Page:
Surabhi (TV series)

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Surabhi
Genre Culture magazine show
Created by Siddharth Kak
Directed by Abhilash Bhattacharya [1]
Presented by Siddharth Kak
Renuka Shahane
Theme music composer Dr. L. Subramaniam
Country of origin India
Original language(s) Hindi
No. of seasons 9
No. of episodes 415 [2]
Production
Producer(s) Siddharth Kak
Production company(s) Cinema Vision India
Broadcast
Original channel Doordarshan/ Star Plus
Original run 1993 – 2001
External links
Website

Surabhi (English: Fragrance) was a popular Indian cultural magazine show hosted by Renuka Shahane and Siddharth Kak, which ran from 1993 to 2001. It was telecast on Doordarshan, the Indian state-run television channel, and later moved to Star Plus on Sunday mornings.[3][4][5] Surabhi was produced by Kak's Mumbai based production house Cinema Vision India and had Indian culture as its central theme. The show holds the distinction of being India's longest-running cultural series and features in the Limca Book of Records for receiving the largest measured audience response ever in the history of Indian television.[6]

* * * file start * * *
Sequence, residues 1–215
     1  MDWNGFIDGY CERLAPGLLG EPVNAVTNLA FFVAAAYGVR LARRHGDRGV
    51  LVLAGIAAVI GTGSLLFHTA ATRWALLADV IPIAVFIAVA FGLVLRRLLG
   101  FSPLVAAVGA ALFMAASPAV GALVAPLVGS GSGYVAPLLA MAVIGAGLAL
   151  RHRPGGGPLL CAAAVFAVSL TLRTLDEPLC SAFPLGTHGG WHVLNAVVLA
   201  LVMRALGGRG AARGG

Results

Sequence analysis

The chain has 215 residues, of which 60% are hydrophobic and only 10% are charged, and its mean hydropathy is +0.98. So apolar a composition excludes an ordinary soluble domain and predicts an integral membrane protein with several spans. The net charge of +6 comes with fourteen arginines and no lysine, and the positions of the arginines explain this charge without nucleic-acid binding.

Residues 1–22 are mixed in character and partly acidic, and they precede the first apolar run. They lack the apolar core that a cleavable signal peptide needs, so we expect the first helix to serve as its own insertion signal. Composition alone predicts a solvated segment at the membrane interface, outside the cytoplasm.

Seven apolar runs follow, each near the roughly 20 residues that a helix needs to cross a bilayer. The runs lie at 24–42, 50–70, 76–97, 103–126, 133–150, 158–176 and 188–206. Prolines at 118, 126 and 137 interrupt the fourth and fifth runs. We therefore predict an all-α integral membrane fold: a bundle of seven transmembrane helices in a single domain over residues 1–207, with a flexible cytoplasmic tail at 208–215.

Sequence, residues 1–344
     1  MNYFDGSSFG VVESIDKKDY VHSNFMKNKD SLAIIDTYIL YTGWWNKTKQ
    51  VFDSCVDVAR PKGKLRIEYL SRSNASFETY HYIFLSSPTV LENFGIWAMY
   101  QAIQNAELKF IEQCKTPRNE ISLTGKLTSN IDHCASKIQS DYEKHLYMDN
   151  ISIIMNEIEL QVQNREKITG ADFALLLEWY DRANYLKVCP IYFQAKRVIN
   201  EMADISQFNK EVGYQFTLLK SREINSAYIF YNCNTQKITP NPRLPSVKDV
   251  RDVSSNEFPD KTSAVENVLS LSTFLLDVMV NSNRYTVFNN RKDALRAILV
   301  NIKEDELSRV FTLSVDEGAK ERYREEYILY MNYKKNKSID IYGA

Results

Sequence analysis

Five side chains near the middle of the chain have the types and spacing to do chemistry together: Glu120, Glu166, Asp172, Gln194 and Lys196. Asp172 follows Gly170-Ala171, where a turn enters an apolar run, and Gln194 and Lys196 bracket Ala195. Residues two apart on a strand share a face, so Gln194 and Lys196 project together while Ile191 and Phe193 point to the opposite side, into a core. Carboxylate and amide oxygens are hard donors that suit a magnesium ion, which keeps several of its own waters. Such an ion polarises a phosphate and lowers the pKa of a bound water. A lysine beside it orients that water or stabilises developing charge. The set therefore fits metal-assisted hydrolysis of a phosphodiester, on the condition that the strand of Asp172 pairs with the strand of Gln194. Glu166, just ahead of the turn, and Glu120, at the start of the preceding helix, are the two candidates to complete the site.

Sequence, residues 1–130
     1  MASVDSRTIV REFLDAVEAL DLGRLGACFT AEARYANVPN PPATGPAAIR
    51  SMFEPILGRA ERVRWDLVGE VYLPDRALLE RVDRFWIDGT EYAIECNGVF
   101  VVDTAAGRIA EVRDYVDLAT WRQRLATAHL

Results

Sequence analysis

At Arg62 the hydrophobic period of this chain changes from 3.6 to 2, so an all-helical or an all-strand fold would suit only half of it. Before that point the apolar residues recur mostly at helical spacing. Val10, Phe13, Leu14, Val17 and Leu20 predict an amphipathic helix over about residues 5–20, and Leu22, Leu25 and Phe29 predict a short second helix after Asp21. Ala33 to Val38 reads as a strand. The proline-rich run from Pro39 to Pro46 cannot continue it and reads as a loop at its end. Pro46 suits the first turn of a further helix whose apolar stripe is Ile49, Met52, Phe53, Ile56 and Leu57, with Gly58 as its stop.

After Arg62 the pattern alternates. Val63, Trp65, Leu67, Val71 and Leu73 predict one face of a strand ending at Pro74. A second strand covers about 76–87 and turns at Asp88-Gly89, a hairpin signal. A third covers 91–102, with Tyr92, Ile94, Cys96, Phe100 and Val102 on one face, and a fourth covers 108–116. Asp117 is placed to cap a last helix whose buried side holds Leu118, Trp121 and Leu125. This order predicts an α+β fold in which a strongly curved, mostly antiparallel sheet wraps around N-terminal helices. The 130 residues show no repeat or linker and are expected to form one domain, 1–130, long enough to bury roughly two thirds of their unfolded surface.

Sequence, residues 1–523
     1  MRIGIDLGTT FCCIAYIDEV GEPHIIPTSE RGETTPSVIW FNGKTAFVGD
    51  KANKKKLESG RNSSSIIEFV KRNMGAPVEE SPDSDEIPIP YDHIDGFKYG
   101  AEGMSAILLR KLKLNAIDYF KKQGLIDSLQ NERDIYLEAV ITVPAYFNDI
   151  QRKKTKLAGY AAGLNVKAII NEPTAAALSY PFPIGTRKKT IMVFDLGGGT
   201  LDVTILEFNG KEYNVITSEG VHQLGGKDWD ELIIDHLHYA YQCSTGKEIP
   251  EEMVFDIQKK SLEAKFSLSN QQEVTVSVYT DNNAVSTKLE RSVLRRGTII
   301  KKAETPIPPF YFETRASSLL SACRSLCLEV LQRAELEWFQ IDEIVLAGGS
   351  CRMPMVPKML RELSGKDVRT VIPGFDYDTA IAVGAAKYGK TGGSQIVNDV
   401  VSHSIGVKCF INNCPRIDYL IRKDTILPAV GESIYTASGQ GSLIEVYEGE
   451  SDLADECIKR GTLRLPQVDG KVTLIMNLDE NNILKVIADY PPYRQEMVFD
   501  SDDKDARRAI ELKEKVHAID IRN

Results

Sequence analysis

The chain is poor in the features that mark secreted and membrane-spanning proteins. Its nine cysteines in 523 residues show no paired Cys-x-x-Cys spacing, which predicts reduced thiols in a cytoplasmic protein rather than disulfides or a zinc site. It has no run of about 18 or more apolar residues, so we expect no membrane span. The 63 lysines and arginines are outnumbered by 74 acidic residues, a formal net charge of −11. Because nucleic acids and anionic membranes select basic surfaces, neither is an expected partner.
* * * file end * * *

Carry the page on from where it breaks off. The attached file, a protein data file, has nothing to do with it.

History[edit]

The title music of Surabhi was composed by acclaimed Indian composer and classical violinist Dr. L. Subramaniam. Indian cooperative dairy giant Amul sponsored it for a long time, and the show was titled Amul Surabhi.[7] The show had a rating of 51 percent in its initial run in 1993.[citation needed]

One of the reasons of its popularity was the weekly quiz open for viewer participation. At that time mobile phones and Internet were not prevalent in India and viewers would post their responses using the 15 paise postcard of India post. According to the Limca Book of Records the show once received the highest ever documented response in the history of Indian television - over 1.4 million letters in a single week. The Indian postal department was forced to issue a different category of postcards called "Competition Postcards" priced at 2 Rupees each for participating in such contests.[8] Surabhi was dubbed in Indian regional languages like Tamil and got a great response from Indian states where Hindi is not an official language.

During the 1990s, Surabhi had become a benchmark show and is known as "one of the best television shows ever made that reflected the length and breath of the Indian culture".[4] Subsequently, Kak established the Surabhi Foundation with the assistance of Ford Foundation and started a project on preserving cultural artifacts.[3]

Further reading[edit]

Notes[edit]

External links[edit]